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This Cruise Was Made For Walking: Explore Scotland with a ‘Cruise and Walk’ holiday

Author: Steve Newman

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Like cruising? Like walking? Then combine the two with a ‘Cruise and Walk’ holiday to some of the planet’s most stunning locations

Like cruising? Like walking? Then combine the two with a ‘Cruise and Walk’ holiday to some of the planet’s most stunning locations

There I was eating my packed lunch overlooking 5,000 years of history on the Orkney mainland when, out of the corner of my eye, I spied a golden eagle haughtily looking down on us from its eyrie eyeing up my cheese and tomato sandwich. But before I had to defend my lunch from winged predators, I was whisked away to head back to the ship via some of Scotland’s finest vistas.

A keen walker and birdwatcher, it was with some degree of excitement that I joined Fred. Olsen’s Boudicca for a nine-day ‘Cruise and Walk’ holiday around Scotland and Ireland with Ramblers Walking Holidays.

I’m a small-ship cruiser – anything over 1,000 people on board I steer well clear of – not only due to their smaller crowds but because these smaller ships can access ports and communities the bigger ones simply cannot. Boudicca, then, with her 880 passengers was the perfect fit.

It all began with an early start to watch her dock at Invergordon, a small port above the Cromarty Firth, then after collecting our packed lunch we climbed up Cnoc Fyrish, a steep hike, but one which treated us to some stunning views of the Forth and the mountains to the north (some still snow-capped).

It was then I discovered the beauty of ‘Cruise and Walk’ – you don’t have to stay with the group.

For fear of coming across anti-social, let me explain, on our way back to the ship we noticed Invergordon has a celebrated trail of eleven large murals depicting life in the town past and present which some of us wanted to explore.

The rest of the group, however, decided to venture back to the Bookmark café in the ship’s library which sells handmade chocolates and specialist coffees, such as mint and Amaretto. We had burnt off all those calories, after all.

This freedom to explore on your own terms was one of the best parts of the experience.

Our next two days saw us discover the delights of mainland Shetland and Orkney – both of these islands produce stunning clifftop walks steeped in history and amazing seabird colonies, including puffins and great skuas.

In Shetland, we walked across an isthmus (a narrow strip of land) with the blue waters of the Atlantic lapping either side, while on Orkney the six-mile walk finished at the unique site of Skara Brae.

The best-preserved Neolithic settlement in Western Europe, Skara Brae was a thriving village long before Stonehenge or the pyramids were built.

Our arrival in Stornoway on the Isle of Lewis brought with it tall mountains and extensive peat bogs. Perhaps it was the comedian who entertained us the night before, but everyone seemed in good spirits as walked along the shoreline opposite the rugged hills of the Uig peninsula. The balmy weather and white sand beaches was enough to make me think we’d taken a wrong turn and ended up in the Caribbean.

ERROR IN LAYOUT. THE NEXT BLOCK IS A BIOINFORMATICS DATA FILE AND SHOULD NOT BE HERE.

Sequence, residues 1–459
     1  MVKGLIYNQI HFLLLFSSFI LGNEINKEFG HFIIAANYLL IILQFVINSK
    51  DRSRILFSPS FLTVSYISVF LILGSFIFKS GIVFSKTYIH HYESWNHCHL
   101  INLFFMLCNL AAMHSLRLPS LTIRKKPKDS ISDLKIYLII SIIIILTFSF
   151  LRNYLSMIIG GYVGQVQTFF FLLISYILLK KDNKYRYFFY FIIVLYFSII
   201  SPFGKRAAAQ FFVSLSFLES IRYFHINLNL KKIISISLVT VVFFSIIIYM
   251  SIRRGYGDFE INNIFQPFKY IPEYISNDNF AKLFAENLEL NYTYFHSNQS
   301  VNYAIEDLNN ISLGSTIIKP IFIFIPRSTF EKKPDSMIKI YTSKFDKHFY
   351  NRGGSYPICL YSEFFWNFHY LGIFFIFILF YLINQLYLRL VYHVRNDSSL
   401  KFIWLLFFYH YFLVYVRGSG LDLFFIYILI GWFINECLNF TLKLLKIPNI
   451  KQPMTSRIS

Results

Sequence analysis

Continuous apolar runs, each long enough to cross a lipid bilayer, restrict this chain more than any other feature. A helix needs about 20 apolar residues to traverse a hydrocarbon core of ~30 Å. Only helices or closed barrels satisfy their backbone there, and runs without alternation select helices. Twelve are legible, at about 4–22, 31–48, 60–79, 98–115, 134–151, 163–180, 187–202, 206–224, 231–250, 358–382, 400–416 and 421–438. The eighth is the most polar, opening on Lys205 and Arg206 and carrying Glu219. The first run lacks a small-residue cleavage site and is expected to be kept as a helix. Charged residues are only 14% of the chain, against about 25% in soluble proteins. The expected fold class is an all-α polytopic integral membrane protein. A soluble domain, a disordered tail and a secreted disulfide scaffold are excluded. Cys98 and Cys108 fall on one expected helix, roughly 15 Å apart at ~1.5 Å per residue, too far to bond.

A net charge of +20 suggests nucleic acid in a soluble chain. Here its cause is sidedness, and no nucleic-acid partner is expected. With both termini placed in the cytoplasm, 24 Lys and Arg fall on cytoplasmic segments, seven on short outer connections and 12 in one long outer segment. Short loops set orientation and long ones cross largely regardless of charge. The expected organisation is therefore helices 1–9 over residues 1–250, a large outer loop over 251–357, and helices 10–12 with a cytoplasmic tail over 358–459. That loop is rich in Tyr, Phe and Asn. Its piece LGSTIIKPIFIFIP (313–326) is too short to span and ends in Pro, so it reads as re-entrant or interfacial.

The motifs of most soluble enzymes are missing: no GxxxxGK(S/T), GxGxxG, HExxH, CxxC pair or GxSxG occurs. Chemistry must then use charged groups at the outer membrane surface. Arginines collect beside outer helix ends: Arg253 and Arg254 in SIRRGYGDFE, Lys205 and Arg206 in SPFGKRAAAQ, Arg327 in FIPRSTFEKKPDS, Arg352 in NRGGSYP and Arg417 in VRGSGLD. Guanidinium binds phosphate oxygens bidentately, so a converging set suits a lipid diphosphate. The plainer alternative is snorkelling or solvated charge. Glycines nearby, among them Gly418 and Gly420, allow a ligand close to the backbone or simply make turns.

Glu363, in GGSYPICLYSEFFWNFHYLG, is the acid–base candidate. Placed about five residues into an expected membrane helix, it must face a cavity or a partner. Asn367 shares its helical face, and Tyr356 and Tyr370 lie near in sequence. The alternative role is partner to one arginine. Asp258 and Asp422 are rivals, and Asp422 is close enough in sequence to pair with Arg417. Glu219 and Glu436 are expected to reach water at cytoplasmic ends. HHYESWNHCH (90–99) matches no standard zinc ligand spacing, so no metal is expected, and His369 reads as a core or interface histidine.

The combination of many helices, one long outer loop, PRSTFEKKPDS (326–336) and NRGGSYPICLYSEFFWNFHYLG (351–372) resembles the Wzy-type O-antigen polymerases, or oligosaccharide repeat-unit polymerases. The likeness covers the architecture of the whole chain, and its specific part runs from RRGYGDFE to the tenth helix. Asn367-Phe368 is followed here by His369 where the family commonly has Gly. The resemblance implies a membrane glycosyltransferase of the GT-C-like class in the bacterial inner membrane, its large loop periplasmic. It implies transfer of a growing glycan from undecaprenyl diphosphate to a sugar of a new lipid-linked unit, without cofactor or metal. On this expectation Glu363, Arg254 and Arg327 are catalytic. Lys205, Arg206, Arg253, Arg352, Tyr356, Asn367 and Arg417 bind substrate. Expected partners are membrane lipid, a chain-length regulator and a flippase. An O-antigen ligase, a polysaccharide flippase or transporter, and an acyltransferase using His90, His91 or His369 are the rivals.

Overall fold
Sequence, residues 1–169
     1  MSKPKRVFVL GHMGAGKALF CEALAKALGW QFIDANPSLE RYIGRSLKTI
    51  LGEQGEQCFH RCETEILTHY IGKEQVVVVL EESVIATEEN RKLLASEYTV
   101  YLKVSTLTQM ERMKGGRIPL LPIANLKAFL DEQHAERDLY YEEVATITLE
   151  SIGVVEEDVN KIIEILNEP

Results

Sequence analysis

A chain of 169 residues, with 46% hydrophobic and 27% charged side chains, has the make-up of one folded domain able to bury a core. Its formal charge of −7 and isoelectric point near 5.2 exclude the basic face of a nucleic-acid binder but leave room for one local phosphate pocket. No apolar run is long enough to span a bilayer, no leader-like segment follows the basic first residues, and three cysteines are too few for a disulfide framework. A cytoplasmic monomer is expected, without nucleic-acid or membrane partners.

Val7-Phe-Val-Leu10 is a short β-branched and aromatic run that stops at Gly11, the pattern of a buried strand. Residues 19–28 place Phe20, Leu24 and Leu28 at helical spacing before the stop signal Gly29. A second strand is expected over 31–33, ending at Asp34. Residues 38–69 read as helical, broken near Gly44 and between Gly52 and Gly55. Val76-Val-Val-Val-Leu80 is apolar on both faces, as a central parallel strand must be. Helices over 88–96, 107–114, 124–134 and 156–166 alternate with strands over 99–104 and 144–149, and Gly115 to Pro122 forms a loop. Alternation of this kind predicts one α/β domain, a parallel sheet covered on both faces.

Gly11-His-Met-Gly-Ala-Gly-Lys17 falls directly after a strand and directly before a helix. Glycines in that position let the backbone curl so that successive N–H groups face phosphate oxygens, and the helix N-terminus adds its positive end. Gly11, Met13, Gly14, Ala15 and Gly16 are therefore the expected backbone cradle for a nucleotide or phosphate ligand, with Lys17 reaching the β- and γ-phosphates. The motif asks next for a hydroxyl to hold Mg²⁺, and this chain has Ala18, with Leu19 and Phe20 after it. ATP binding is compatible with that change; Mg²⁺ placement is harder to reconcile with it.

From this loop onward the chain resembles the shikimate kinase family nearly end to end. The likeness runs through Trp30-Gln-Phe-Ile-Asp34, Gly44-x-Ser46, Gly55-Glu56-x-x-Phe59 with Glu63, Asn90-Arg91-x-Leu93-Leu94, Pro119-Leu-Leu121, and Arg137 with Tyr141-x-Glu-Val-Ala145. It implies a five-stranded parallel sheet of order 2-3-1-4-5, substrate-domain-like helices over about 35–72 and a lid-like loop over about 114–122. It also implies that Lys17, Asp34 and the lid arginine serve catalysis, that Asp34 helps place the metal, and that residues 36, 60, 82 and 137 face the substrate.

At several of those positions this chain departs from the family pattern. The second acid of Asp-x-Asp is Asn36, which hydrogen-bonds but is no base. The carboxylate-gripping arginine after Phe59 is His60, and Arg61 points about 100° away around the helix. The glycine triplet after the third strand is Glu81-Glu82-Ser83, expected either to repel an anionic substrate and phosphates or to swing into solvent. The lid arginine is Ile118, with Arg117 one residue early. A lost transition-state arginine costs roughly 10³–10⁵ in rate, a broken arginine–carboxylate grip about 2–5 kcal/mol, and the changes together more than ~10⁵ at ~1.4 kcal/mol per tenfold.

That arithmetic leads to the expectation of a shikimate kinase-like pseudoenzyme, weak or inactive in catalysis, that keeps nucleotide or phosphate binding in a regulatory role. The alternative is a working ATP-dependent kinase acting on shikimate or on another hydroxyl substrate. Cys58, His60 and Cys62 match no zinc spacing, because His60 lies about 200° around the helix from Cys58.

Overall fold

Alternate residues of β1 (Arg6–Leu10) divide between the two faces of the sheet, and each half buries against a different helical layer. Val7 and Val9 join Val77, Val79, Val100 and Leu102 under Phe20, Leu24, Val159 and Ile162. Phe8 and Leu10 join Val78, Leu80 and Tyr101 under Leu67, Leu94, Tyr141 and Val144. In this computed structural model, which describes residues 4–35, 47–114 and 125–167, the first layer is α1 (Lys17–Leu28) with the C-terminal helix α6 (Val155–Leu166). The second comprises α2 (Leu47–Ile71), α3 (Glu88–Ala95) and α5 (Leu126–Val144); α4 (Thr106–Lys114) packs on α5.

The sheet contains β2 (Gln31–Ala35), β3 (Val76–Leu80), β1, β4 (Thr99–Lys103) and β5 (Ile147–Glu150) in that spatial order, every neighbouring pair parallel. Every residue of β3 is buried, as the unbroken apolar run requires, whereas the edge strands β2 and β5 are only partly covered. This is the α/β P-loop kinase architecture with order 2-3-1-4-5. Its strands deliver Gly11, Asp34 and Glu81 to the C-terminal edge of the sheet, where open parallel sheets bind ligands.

The talk at the dinner table that night was of the eagles we had seen, the quirky Highland Cattle doorstoppers on sale in the town, the intricate carved stones of Callanish and who actually won the deck quoits competition (it got quite heated).

We all agreed, however, that we were really looking forward to our next port of call at Tobermory.

A visit to the pretty town of Tobermory is one you won’t soon forget. It’s quirky houses all painted in bright colours give it a rainbow-like appearance – perfect for snapping a few pictures!

Our walk along the undulating paths of a demolished stately home led to us discovering waterfalls, bubbling streams with dippers feeding their young, placid lakes and amazing sculptured viewpoints of the village. When the walk returns us to the village the delights of sea food, local whisky and craft shops beckoned.

The next morning saw us in Dublin at the Howth Peninsula to the north of Dublin Bay. This clifftop loop path takes us to the lighthouse and back down into the village of Howth itself – very popular with the people of the city at weekends.

We had three hours to kill so the minibus dropped us in Dublin to explore this fascinating city. Dublin is a very walkable, compact place where we joined the city’s office workers in St Stephen’s Green basking in the early summer sunshine.

The rest of us explored Trinity College and indulged in some retail therapy while others, including myself, head to the Temple Bar district to sample a Guinness (it has to be done) and listen to some live music. We found a small bar and it’s true what they say – the Guinness really does taste nicer here.

Would I do this type of cruise again? Undoubtedly, yes. The chance to wake up in a new destination with gorgeous landscapes to be explored is an enticing proposition – and one not to be missed.